Tobias Jaeger - Managing Partner at AXIOM Venture Capital

We often get so absorbed in our own world or industry bubble that you start to see things only one way – your way. I always had the feeling that talking to people outside of my world was keeping my mind fresh and open for new and different ideas or ways at looking at certain challenges.

Tobias has been running companies ever since he was a student at Maastricht University in the Netherlands. He founded his first company, Business Associates Europe, in 2007 while in university. The company developed an innovative model of delivering strategy consulting services to corporations by bringing together experienced consultants with university students who provided in-depth research support to a portfolio of leading companies in and outside of the Netherlands.

After graduation, Tobias dove into the e-gaming industry and partnered with a leading Poker player to establish StrategosPoker – an online platform teaching casual Poker players on how to play on a competitive level and generate a significant personal income.

To continue his business activities in Europe, Tobias became the Managing Director of another venture, entrepreneur academy, which has provided personality empowerment courses to leading entrepreneurs all around Europe and the Middle East. It has always been a personal passion of Tobias to explore how personal empowerment techniques, such as those developed by the leading figures of the industry can be applied to design a prosperous life leading to peak personal and professional performance.

In early 2012, Tobias was offered an opportunity to transfer his skills to the entertainment industry, a playing field he felt drawn to for many years. He joined Swiss initiative ‘Thought For Food’ and developed a documentary and conference about how the next generation of leaders is reshaping the food industry by using the latest technologies to develop new business models to feed the world. The documentary, which was shot in Kenya, India, the Netherlands, Switzerland and the USA has reached the hands of investors and decision-makers around the world who have then decided to support the initiative and the next generation of leaders taking part.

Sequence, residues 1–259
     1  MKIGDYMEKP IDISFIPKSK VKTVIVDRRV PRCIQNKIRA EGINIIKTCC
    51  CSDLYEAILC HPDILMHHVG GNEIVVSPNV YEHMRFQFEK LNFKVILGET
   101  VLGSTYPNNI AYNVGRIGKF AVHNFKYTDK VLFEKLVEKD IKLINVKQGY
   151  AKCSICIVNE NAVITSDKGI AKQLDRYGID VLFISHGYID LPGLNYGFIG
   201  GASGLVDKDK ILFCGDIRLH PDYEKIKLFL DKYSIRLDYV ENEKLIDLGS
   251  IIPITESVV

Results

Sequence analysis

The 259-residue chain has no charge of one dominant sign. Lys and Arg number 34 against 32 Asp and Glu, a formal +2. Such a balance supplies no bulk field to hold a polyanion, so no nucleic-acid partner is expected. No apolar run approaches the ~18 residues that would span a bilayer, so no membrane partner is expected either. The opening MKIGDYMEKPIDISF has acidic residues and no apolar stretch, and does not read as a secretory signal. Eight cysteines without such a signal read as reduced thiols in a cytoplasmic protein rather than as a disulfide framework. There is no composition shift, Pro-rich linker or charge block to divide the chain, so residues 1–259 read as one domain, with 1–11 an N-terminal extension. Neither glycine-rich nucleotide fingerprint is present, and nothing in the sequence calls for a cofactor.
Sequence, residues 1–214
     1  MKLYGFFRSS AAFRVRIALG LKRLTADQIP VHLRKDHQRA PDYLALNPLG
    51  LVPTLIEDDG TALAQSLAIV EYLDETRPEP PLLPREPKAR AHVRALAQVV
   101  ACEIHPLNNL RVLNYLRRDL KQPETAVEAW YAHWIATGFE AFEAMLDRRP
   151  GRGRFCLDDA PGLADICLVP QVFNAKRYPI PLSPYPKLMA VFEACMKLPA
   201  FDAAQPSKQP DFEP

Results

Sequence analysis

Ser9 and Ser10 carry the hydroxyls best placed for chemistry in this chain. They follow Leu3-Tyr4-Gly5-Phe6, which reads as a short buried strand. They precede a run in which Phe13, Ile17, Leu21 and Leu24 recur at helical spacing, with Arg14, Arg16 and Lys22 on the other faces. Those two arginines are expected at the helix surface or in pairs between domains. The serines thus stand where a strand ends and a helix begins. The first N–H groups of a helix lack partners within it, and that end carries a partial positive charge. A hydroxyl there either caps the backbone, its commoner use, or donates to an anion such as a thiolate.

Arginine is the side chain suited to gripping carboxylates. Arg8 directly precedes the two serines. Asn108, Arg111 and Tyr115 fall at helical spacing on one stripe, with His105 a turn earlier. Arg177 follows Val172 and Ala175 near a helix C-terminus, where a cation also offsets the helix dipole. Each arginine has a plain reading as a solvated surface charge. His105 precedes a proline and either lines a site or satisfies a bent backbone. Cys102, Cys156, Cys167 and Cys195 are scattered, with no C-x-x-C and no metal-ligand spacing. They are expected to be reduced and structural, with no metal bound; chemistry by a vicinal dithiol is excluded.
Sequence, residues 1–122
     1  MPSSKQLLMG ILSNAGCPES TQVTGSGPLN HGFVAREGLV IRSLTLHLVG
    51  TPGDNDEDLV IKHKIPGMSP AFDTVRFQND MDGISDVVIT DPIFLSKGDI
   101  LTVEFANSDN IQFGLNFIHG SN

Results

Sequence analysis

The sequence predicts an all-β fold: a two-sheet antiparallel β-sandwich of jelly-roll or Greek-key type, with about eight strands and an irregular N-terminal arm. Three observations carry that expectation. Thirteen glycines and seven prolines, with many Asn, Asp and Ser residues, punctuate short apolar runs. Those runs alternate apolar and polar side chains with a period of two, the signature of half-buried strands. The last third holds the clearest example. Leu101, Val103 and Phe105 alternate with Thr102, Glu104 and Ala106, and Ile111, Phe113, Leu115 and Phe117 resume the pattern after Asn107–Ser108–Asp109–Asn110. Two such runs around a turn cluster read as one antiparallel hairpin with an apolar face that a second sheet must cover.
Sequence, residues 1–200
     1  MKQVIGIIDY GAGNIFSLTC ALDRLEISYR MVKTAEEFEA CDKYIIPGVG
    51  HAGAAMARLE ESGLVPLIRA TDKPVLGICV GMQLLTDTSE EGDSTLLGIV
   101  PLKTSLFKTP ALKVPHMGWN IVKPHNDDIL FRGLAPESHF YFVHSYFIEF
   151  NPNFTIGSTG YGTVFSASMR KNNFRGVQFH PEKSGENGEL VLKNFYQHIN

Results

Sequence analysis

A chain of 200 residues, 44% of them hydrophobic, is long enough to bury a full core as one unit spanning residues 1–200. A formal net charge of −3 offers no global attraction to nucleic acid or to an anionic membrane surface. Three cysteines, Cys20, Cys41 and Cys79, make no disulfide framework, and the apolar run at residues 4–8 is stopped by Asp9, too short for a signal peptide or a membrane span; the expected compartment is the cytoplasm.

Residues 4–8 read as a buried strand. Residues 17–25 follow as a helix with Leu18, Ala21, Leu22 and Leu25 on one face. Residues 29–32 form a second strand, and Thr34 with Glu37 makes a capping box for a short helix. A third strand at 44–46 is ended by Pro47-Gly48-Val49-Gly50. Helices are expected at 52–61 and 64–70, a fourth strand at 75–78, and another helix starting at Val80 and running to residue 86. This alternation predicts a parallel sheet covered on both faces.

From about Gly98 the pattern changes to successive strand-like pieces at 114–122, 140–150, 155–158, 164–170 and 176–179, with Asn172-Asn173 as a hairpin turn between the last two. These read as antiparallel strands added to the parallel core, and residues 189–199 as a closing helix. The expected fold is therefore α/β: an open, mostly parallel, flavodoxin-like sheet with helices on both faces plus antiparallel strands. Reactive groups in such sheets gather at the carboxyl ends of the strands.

Since then Tobias was instrumental in launching AXIOM Pictures, the first entertainment equity fund of its kind based out of Europe. Through his work with leading media entrepreneurs and innovators, the idea for AXIOM Venture Capital was born to service an abundant need to connect the world of media & entertainment and the world of finance. As its Managing Partner, Tobias runs the M&A advisory as well as Corporate Finance arm of AXIOM Venture Capital. The firm helps media & entertainment entrepreneurs find the right investor and vice versa.

In 2006, after his service with the German Armed Forces, he co-founded “Support German Troops” – a non-political, non-governmental citizen leadership initiative to create awareness and accumulate support for the troops of the German Armed Forces. The initiative raised donations in the hundreds of thousands of Euros and has activated more than 50 thousand fans on social media providing support to countless armed forces families in Germany.

Tobias is an avid traveler and people connector. He has lived, worked, visited, and studied in over 43 countries on 4 continents and speaks German, English, French, Dutch, Italian and Spanish. He is a natural networker and is excited to continue applying his expertise in running companies to the entertainment industry and help shape the face of the global entertainment business.

Where did the idea for AXIOM Venture Capital come from?